The québec labour market upset by the pandemic

Le marché du travail québécois bouleversé par la pandémie

The pandemic of the COVID-19 has turned the labor market of quebec, but the province has recovered more than half of the jobs lost since the beginning of the health crisis.

After reaching a peak of 17% in April, the unemployment rate is now in sharp decline, falling to 10.7% in June.

“The rebound that we are seeing in Quebec is really a reflection of an economy that has the force,” says Jean Boulet, minister of Labour, Employment and social Solidarity.

Several sectors of the economy will continue to face challenges in the coming months.

“The tourism, the culture, some parts of the retail sector”, sets out the minister.

Result : thousands of Quebecers, especially young people, will be deprived of their livelihood for several more months.

“Nearly 56% young people 16 to 24 years, in 2019, occupying low-skilled jobs in sectors most affected by the pandemic,” confirms Jean boulet.

To tackle unemployment, the minister on the training of workers.

“We will assist them, either by training, or by allowing them to return to work or by integrating economic sectors that are expanding”, he says.

It introduces, however, a warning to those who refuse to return to work because they affect the Delivery of canadian emergency (PKU).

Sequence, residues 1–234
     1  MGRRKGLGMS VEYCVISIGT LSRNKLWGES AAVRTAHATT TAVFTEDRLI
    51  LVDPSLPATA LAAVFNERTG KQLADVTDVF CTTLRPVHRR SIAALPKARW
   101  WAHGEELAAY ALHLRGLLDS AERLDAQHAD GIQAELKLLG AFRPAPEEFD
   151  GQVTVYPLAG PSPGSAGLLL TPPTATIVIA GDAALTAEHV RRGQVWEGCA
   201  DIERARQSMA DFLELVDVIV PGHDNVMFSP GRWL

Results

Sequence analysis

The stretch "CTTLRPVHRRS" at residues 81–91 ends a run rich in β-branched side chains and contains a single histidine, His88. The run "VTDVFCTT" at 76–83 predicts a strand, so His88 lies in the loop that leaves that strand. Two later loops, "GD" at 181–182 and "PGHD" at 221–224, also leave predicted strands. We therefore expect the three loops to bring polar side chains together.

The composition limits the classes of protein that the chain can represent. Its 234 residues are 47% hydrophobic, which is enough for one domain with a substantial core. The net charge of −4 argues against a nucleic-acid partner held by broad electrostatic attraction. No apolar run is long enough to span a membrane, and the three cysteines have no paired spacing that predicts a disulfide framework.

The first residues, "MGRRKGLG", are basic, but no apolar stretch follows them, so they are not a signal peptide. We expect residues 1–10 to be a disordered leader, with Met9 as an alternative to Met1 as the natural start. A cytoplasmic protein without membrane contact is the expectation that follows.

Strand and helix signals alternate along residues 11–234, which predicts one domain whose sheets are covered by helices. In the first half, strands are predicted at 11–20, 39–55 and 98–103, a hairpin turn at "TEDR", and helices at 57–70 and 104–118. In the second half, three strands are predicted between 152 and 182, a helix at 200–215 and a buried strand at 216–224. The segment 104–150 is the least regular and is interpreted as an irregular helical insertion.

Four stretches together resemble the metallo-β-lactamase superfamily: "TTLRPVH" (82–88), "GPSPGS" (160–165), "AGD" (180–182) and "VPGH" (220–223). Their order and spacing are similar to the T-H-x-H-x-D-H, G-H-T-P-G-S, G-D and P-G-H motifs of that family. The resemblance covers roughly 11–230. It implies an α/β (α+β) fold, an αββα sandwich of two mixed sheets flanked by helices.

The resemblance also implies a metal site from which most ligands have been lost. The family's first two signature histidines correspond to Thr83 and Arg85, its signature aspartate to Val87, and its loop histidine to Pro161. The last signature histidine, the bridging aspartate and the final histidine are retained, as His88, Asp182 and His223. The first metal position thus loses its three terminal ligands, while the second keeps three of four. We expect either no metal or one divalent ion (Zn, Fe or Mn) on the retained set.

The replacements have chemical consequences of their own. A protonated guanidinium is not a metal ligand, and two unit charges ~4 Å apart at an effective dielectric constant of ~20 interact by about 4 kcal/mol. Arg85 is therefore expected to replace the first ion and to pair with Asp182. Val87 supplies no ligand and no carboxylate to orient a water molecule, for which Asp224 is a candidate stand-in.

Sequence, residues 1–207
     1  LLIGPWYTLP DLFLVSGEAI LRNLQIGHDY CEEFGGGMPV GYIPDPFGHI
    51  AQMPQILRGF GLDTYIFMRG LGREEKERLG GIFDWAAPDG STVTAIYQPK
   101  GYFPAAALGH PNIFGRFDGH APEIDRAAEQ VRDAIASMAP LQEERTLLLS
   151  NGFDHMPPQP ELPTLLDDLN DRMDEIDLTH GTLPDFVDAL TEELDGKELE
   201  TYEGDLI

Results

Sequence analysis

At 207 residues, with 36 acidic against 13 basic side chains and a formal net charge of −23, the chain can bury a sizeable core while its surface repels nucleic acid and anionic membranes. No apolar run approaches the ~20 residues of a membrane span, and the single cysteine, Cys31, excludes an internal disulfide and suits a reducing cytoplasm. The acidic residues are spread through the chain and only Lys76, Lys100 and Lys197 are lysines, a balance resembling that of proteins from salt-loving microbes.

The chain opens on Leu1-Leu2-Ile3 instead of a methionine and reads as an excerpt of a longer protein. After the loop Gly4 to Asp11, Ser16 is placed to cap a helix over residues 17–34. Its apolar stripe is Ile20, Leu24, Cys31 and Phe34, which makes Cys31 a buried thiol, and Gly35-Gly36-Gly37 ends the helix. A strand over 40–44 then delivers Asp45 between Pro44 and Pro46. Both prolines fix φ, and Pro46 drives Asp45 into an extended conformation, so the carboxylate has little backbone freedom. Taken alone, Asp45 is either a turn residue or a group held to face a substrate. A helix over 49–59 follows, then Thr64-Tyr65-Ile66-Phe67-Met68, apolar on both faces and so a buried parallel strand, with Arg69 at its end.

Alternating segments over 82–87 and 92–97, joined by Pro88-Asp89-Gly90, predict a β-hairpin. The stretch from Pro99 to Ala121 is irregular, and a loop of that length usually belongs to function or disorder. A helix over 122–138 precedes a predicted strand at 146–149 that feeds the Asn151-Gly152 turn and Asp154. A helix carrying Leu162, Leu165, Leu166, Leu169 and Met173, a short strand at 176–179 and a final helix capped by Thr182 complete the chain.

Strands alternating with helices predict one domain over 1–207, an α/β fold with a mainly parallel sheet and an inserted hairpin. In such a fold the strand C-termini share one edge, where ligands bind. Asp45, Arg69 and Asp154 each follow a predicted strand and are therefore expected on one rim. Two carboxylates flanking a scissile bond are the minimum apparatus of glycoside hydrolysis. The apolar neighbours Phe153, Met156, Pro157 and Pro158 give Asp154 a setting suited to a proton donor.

“The PCU, it is temporary. The return-to-work, it is permanent, it is much more beneficial to workers,” says the minister of Labour.

Second wave

The arrival of a second wave of the COVID-19 could, however, complicate the economic recovery.

“A reconfinement would certainly not be beneficial for the economy of Quebec,” admits Ball.

With the arrival of the pandemic, telecommuting has also accelerated in the province and appears to be here to stay. Québec therefore wishes to better frame it.

“Telework is going to lead us to rethink the organization of work, tools of work, the impact on work accidents, occupational diseases. You will have to think of telecommuting policies, may make depth consideration of the right to disconnect, ” says Jean Boulet.

This new reality, however, makes the recovery economy of Montreal, and especially of its city centre, even more difficult.

“The shops, the restaurants, the hotels have special problems. It will take Montreal to make a reflection which is really special,” says the minister.

– According to the information of Pierre-Olivier Zappa

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